Synopsis by Eliot Kersgaard. Edited by Zac Fabian. Photos by Fabian Productions, LLC
On July 16, 2016, over 150 people converged at Sister Gardens for Denver’s 3rd Permaculture Action Day this summer. Over the last few years, this 1.25 acre plot managed by Urbiculture community farms, which merged this year with Groundwork Denver, has been coming to life as a community food hub. It is a food-producing farm, classroom as well as personal sanctuary. Garden produce is sold at a pay-as-you-can farm stand, sold to restaurants and is distributed to Warren Village, a transitional housing facility that helps low income single parent families achieve sustainable personal and economic self- sufficiency.
Fatuma Emmad, the Sister Gardens site manager, explains the mission of UrbiCulture Community Farms:
“We have a bunch of different sites throughout Denver. We grow food, we have pay what you can farm stands, and then we have a healing foods program. The healing foods program goes to places that are housing displaced women and children, which is a big problem in Denver. Rent prices are going up, its hard for people to meet up with the demand of expense here. So we donate there and we also donate to a place that has people that are receiving treatment for cancer.”
“It’s about healing, and that’s healing land and also healing communities. We really work to figure out how to connect people to resources, to opportunities, to each other, to get that real sense of neighborhood, and community, and interdependence. Thats what I think permaculture is all about.”
We worked on several projects around the site while Dank Lloyd dropped a DJ set. The music was vibrant and soothing as we started to sweat in the hot Colorado sun. Our tasks for the day including: general upkeep of the farm, such as weeding and turning the compost, and a few infrastructure improvements. The foundation and draining trench were dug for a new washing station to serve the farm’s twice weekly farm stand; an herb spiral to grow new plants and aesthetically pleasing; and a cobb oven for wood fired pizza and more. An energetic group of young children painted, while we had a yoga class, and others enthusiastically mapped their visions of a better Denver with Boulder native permaculture teacher Robin Eden. Even more youth came out with Groundwork Denver and worked hard on our projects throughout the day.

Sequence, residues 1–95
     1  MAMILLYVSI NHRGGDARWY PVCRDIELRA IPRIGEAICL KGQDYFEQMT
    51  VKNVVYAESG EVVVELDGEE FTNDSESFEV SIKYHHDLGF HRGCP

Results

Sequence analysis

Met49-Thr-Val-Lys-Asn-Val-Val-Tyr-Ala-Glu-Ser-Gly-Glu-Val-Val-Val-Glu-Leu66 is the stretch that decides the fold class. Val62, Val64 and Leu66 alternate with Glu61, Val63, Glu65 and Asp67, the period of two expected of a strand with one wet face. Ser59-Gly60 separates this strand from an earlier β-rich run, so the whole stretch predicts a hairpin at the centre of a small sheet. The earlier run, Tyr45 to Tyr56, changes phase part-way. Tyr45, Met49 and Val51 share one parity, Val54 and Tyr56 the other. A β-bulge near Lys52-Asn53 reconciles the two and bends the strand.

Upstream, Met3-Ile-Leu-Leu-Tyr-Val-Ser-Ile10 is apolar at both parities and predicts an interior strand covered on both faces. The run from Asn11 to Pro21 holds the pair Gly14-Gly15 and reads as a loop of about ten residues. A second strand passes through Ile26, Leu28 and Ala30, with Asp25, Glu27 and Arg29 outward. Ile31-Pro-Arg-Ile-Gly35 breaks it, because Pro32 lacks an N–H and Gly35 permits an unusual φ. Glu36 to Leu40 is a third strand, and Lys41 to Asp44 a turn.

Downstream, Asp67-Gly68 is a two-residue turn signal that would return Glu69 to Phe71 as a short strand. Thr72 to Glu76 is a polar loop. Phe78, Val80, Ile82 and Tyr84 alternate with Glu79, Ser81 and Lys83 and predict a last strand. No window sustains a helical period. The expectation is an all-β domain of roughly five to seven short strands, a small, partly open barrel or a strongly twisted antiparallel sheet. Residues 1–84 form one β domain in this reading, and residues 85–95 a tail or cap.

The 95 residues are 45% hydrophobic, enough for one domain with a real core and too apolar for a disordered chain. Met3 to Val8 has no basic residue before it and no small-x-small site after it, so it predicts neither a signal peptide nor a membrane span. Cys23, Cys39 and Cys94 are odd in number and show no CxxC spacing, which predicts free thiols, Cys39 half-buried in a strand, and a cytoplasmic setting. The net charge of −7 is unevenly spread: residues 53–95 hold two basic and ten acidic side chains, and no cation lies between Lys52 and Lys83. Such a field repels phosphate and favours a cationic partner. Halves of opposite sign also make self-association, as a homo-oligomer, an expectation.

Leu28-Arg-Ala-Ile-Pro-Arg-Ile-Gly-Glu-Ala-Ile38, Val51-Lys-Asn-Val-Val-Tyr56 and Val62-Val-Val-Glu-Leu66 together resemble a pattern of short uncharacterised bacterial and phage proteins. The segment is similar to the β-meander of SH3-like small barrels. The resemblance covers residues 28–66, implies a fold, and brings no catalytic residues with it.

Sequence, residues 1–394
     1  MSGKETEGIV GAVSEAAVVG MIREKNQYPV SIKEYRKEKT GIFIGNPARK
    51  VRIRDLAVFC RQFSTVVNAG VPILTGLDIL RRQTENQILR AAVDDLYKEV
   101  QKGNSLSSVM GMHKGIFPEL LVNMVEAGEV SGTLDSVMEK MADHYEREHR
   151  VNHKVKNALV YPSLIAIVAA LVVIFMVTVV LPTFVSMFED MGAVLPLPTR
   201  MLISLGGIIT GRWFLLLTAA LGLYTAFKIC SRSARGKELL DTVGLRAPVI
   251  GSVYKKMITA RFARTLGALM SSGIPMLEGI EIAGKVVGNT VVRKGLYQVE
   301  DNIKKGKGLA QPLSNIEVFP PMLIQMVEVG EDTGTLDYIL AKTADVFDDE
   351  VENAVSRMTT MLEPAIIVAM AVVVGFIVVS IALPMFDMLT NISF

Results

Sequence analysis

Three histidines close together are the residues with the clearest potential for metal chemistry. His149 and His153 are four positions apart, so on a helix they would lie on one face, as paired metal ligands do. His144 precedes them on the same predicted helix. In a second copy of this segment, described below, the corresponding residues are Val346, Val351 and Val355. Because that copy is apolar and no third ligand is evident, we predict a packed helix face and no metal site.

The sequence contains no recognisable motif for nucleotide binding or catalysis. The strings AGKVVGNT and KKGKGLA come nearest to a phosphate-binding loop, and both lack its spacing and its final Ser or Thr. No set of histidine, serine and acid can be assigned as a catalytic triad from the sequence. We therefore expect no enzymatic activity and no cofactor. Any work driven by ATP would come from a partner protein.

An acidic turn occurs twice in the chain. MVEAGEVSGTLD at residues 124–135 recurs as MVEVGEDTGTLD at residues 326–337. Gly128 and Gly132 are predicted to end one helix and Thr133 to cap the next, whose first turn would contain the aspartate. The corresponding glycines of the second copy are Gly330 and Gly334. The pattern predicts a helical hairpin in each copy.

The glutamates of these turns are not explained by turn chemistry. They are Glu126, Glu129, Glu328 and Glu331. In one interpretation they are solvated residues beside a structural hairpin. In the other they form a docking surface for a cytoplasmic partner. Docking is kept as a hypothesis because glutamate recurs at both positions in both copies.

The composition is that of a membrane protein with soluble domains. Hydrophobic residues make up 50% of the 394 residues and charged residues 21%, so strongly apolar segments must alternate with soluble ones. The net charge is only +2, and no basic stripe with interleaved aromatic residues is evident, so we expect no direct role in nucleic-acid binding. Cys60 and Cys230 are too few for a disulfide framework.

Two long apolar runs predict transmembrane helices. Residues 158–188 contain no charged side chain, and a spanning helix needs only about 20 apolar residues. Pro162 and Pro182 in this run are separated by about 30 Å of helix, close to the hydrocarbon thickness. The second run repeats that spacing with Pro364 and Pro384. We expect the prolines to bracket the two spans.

Dinner catered by Caveman chefs featured ingredients sourced from the site such as kale, collards, and carrots. Potatoes and kale chips were roasted to perfection in the world’s largest mobile solar oven, brought by Solutions Craft. The music concluded after dinner with an activating lyrical adventure by Alais Clay. After, 80 of us closed the day with a circle in which we shared sentiments and a giant group hug. Many stayed at the site chatting, cleaning, and lending an extra hand to break down and pack up.
This Action Day was the first Permaculture Action Day completely organized by a local, Bioregional Crew. The crew that put together the action day was a collaboration of the Permaculture Action Network, UrbiCulture Community Farms, the Musical Activist Alliance, and the Denver Permaculture Guild. The Front Range Permaculture Action Crew will be building from the success of this action day with more action days throughout the Denver metro area. For more information on what we’re up to or to help plan future action days, please reach out to Eliot Kersgaard at BoulderBiomimicry@gmail.com.